April Samuels is a prominent musician whose life was changed in late 2010 when she was diagnosed with breast cancer. April has taken a hiatus from music to focus on her recovery and help others with cancer. She has even started her own line of clothing, touting the phrase “Breast Cancer Can Stick It”, to promote breast cancer awareness.
After 5+ years of having breast ultrasounds twice a year due to fibrocystic, dense breasts – on October 26, 2010…it happened. “You have breast cancer” said the voice on the other end of the line. Slowly, the sound of the doctor speaking morphed into that of one of Charlie Brown’s teachers. “But I’m only 41!?” I thought. The worst was yet to come.
A few days later, I learned it was a rare, aggressive form known as “Triple Negative” breast cancer: progesterone receptor-negative (PR-), estrogen receptor-negative (ER-), and HER2/neu-negative (HER2-). Hormone therapy would not be an option. I suddenly started thinking I could be dead in a year. I remember looking at my 13-year-old dog thinking of the possibility – she may out live me.
It wasn’t until a bone scan, CT scan, sentinel node biopsy and double mastectomy over the next 12 days revealed no further cancer that I started to see the light at the end of the tunnel.
It was caught early. Just about as early as possible – Stage 1. This thanks to my proactive, life-saver-of-a-doctor demanding the regular semiannual screening.
The next five months of my life included a horrible five-day hospital stay after my lung was punctured, then collapsed as a result of the surgery to install my port followed eight days later by the start of my four-month dance with chemotherapy.
At the time of this writing, I’m now two months past my last chemo treatment, where I was declared (of all things), “cured”!
Towards the end of my treatment, my long-time friend Greg told me about Swim Across America. He said that he and his wife wanted to honor the people they have loved who have had cancer by swimming in the event – and that they wanted to honor me as well. I was touched and thankful that they would want to do such a thing.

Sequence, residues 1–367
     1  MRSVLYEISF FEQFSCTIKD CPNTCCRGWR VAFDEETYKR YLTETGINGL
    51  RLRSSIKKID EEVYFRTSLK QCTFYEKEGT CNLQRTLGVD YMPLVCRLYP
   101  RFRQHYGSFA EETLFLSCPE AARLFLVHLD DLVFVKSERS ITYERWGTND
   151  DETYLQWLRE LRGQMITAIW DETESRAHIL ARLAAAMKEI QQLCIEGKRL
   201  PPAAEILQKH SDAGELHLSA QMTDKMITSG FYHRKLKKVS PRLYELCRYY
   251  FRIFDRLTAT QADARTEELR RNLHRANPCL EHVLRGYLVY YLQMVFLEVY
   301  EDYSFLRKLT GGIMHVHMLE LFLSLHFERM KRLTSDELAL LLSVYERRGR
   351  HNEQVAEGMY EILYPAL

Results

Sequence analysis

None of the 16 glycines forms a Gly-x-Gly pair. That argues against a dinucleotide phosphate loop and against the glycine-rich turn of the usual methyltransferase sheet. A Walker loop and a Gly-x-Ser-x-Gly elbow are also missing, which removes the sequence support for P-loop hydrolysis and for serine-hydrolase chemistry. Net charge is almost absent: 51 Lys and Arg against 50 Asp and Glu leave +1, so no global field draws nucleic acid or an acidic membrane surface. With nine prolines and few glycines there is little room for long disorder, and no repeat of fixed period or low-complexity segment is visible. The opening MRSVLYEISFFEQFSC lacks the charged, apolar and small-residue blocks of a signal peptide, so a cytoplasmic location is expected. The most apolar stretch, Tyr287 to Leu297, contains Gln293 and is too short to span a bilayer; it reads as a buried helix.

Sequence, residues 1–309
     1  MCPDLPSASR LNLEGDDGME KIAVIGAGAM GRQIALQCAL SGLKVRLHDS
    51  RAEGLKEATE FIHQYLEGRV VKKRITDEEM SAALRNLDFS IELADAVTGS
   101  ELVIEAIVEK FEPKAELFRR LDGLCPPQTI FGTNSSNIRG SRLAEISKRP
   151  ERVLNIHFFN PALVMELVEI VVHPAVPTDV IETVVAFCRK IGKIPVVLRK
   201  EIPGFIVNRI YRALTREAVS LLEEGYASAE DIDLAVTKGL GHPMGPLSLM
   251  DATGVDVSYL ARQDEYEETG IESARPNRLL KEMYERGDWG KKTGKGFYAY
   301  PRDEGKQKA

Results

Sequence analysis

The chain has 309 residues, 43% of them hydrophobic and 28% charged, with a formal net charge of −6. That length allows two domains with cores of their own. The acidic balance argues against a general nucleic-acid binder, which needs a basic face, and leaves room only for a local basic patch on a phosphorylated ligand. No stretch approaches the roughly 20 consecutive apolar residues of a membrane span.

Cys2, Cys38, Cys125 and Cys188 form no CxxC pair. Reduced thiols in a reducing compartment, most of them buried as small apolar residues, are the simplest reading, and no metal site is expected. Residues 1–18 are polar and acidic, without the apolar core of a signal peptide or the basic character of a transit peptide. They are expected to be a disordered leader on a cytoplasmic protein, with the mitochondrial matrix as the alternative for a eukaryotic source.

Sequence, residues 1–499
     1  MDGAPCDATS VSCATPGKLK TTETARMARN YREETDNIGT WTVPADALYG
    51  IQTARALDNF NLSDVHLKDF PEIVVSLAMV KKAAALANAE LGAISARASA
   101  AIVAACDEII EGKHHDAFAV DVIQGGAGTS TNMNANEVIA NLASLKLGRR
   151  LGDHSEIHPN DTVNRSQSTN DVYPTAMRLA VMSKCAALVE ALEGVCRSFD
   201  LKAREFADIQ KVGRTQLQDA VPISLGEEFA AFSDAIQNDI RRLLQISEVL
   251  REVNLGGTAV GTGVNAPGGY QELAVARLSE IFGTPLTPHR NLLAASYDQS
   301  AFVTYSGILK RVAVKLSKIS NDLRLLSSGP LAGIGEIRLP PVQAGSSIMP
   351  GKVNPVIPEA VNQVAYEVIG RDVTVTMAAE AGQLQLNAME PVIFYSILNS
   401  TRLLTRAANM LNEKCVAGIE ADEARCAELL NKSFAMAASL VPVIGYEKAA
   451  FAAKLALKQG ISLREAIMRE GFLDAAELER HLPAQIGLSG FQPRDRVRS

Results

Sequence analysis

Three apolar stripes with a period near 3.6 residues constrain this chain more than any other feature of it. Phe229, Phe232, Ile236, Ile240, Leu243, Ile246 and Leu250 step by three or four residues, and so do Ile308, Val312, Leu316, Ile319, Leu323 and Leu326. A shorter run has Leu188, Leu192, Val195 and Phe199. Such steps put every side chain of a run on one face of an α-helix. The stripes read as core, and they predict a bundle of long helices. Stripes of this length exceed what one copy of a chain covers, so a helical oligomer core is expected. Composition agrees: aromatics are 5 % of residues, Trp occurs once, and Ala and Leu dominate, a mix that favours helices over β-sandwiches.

I definitely wanted to go to the event – it would be the first cancer benefit I had attended since my diagnosis. At the event, I was touched by the outpouring of generosity and by the sheer number of swimmers. Each one threw a rock into the waters with the names of those they were honoring. I shared my story with those in attendance and many who I’d never met shared theirs with me in private, often shedding tears. Awareness; hope; camaraderie. These events bring all of this, reminding each of us that we are not alone. We are fighting this together. “Making waves to fight cancer” for sure!
Throughout my journey, I learned many things. I learned not to put things off – like to buy that ice cream cake you always wanted to try or go to Rock and Roll Fantasy Camp. I learned to love with all your heart. I learned a church family can save your life. I learned if God can bring you to it, he can bring you through it. I learned we are all blessed if we just pay attention to what’s going on around us. And I learned hope was my best friend.